Eliud Kipchoge breaks away from his pacemakers as he heads towards the finish line. IMAGE/SCREENSHOT
Marathon master, Eliud Kipchoge, entered The Guinness Book of World Records after he successfully completed the first ever marathon under two hours in the Austrian capital of Vienna, two years since he fell 25 seconds short.
Kipchoge was on target to break the record during the first half of Vienna’s Prater Park on Saturday, after completing 21 kilometers in 59.35 minutes.
Kipchoge’s first crack of going sub-two hour in Monza, Italy, was part of Nike’s Breaking2 project. This time he was being backed by petrochemical company Ineos in an attempt called the 1:59 Challenge.
Despite the achievement, the milestone won’t count as a world record. In fact, Ineos hasn’t even submitted a request to the IAAF for the attempt to be officially ratified.
However, he takes consolation in the fact that the feat has enabled him to be entered in the Guinness Book of World Records; the ultimate authority on record-breaking.
Like many of the records it charts, the Guinness Book of World Records was the product of a can-do spirit and the need to validate one’s pride and it was founded by Sir Hugh Beaver, the then managing director of the Guinness Brewery in 1955.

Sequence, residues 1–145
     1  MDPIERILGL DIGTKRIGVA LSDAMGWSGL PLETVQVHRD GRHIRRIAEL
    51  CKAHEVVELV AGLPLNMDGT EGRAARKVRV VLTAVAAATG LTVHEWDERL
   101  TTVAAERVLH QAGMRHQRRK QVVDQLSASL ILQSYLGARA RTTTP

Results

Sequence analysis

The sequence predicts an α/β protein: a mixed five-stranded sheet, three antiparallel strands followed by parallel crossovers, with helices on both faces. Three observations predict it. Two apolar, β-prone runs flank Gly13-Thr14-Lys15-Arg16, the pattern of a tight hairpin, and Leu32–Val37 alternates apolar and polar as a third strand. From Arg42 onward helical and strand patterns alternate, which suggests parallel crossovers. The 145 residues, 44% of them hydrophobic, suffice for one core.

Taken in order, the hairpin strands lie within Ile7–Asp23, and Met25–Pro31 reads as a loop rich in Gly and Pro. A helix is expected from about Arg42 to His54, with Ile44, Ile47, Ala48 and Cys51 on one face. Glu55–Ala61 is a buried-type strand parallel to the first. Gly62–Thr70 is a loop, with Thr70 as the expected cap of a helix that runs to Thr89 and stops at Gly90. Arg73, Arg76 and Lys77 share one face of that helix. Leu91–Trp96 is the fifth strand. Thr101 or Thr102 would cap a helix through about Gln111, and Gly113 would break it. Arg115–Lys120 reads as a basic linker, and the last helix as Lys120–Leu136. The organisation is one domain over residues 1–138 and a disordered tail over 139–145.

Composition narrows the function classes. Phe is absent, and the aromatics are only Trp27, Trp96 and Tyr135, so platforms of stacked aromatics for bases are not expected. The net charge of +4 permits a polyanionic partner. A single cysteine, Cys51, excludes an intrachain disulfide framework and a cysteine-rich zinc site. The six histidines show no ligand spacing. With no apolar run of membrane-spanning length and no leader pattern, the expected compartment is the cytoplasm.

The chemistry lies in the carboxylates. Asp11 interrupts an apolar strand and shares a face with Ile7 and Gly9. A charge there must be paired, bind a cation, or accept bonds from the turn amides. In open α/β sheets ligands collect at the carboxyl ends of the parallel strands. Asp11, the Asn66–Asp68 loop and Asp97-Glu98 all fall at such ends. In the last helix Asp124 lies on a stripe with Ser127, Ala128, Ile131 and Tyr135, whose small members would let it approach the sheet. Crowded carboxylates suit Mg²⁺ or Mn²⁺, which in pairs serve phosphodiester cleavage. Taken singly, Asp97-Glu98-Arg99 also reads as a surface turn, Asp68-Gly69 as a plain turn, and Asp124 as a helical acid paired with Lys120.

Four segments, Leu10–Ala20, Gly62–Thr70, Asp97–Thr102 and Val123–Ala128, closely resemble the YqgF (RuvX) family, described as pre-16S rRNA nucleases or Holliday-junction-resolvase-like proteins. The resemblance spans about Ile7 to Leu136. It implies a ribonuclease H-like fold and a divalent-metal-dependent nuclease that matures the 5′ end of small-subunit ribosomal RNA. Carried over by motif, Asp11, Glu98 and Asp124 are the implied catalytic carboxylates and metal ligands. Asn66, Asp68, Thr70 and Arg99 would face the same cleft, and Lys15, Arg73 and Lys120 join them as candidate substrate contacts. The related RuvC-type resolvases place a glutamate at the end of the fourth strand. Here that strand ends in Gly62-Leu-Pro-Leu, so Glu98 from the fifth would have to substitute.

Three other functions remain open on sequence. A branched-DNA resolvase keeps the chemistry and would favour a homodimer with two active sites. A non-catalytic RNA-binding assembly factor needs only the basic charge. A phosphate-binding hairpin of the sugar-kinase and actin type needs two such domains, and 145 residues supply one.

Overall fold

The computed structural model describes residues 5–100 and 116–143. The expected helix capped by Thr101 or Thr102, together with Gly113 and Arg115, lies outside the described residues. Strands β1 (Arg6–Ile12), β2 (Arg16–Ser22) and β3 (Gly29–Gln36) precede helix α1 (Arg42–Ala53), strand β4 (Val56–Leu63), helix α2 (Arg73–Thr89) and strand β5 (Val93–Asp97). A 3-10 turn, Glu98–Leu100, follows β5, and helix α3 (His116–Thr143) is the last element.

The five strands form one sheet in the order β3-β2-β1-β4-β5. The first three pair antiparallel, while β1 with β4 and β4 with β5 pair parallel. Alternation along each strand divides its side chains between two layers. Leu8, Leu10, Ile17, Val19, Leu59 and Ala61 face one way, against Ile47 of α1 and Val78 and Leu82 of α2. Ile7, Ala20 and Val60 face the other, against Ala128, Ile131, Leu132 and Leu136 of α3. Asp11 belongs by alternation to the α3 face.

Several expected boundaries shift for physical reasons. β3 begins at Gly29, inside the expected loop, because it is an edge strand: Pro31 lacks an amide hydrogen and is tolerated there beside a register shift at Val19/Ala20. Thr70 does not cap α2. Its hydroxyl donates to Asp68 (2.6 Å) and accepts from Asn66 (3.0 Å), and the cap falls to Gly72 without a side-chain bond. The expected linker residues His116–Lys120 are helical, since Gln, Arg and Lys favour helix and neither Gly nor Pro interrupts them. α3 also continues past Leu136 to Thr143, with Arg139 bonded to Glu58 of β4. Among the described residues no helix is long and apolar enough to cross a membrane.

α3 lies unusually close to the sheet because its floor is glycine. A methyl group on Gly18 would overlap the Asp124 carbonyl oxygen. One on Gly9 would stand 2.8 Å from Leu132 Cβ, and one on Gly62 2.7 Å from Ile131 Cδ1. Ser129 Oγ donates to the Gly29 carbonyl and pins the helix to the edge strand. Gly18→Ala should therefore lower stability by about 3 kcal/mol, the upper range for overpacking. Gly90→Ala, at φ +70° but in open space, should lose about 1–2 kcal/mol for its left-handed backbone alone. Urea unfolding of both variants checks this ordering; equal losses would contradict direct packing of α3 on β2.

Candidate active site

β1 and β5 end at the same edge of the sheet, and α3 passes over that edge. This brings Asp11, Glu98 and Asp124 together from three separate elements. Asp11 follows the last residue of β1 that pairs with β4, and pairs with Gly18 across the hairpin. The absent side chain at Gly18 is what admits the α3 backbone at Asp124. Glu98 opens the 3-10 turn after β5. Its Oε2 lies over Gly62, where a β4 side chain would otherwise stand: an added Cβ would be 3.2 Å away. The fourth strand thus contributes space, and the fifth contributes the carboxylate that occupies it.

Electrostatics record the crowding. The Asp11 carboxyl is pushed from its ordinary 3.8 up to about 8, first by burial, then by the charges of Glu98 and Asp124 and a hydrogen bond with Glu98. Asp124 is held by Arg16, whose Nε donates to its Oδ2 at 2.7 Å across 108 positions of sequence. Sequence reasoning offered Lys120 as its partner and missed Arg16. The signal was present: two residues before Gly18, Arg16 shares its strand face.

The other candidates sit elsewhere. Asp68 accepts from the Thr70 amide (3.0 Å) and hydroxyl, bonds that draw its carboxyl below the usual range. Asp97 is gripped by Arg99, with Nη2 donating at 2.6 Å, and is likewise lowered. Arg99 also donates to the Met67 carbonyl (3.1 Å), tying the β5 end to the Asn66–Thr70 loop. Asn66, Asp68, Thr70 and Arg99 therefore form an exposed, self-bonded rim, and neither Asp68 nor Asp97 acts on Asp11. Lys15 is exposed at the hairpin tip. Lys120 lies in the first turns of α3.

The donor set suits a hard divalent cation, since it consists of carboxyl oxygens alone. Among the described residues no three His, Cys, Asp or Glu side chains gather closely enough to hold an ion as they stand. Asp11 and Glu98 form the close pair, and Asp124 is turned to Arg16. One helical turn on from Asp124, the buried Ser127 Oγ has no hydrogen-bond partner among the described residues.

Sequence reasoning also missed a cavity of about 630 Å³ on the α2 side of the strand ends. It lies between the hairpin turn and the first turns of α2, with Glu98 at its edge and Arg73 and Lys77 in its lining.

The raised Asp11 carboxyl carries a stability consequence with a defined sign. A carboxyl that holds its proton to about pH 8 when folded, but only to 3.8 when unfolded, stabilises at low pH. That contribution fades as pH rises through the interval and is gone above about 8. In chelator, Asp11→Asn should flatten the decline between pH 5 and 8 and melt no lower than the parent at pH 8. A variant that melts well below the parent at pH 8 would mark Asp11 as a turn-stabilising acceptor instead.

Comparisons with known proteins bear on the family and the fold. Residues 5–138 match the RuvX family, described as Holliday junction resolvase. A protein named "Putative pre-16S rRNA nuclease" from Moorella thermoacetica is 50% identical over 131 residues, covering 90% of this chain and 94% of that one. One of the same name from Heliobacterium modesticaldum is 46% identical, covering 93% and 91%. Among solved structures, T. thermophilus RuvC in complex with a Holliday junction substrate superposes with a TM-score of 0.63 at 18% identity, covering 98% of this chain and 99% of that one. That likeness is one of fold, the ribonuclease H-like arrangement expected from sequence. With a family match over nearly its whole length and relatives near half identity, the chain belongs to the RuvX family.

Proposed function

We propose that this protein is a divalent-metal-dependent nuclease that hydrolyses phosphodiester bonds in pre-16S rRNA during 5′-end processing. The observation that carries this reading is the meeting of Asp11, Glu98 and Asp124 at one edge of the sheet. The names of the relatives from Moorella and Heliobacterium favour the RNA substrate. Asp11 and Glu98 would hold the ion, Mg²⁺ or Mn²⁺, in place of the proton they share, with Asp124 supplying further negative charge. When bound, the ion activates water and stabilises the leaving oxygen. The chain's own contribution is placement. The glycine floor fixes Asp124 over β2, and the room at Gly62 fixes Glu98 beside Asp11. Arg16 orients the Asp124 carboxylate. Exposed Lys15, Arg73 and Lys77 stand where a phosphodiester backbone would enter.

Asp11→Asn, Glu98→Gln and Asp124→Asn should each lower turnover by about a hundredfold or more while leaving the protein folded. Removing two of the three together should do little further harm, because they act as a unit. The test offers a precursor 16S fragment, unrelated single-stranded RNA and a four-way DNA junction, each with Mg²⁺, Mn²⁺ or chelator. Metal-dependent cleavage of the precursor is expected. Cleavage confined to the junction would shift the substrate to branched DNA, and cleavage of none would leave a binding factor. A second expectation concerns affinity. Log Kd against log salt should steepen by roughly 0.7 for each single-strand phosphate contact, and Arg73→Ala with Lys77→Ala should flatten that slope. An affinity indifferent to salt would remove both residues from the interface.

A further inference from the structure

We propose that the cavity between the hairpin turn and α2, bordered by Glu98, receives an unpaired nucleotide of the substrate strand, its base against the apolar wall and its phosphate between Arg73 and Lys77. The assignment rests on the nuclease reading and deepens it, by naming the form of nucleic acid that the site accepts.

During the race, Kipchoge followed behind a car — a condition not allowed under IAAF sanctions — and was assisted by an army of 30 pacemakers.
Eliud Kipchoge embraces his wife at the end of the race. . IMAGE/SCREENSHOT
Kenya’s President Uhuru Kenyatta congratulated Kipchoge in a tweet after the marathon: “You’ve done it, you’ve made history and made Kenya proud while at it.
“Your win today, will inspire tens of future generations to dream big and to aspire for greatness,” Kenyatta added.
Speaking before the marathon, Kipchoge said he was aware that there were critics of the manufactured conditions surrounding the attempt.
“The law of nature cannot allow all human beings to think together,” the reigning Olympic marathon champion said. “In breaking the two-hour barrier, I want to open minds to think that no human is limited. All our minds, all our thoughts are parallel. But I respect everybody’s thoughts.”
He added that the 1:59 Challenge is different to competing in a race like the Berlin Marathon, where he set the current world record in 2018.
“Berlin is running and breaking a world record,” said Kipchoge. “Vienna is running and making history — like the first man to go to the moon.”
The NEW YORK TIMES said for all its magnitude, the accomplishment will be regarded largely as a symbolic one. The eye-popping time, which was 10 seconds quicker than the 1:59:50 time Kipchoge and his team had set out to achieve, will not be officially recognized as a world record because it was not run under open marathon conditions and because it featured a dense rotation of professional pacesetters.
What the event lacked in officially sanctioned gravitas, though, it seemed determined to make up for with theater and grandiose proclamations.
The run, organized by the petrochemical company INEOS, featured a cycle of hype and commercial buildup more reminiscent of a heavyweight prizefight than a road race.
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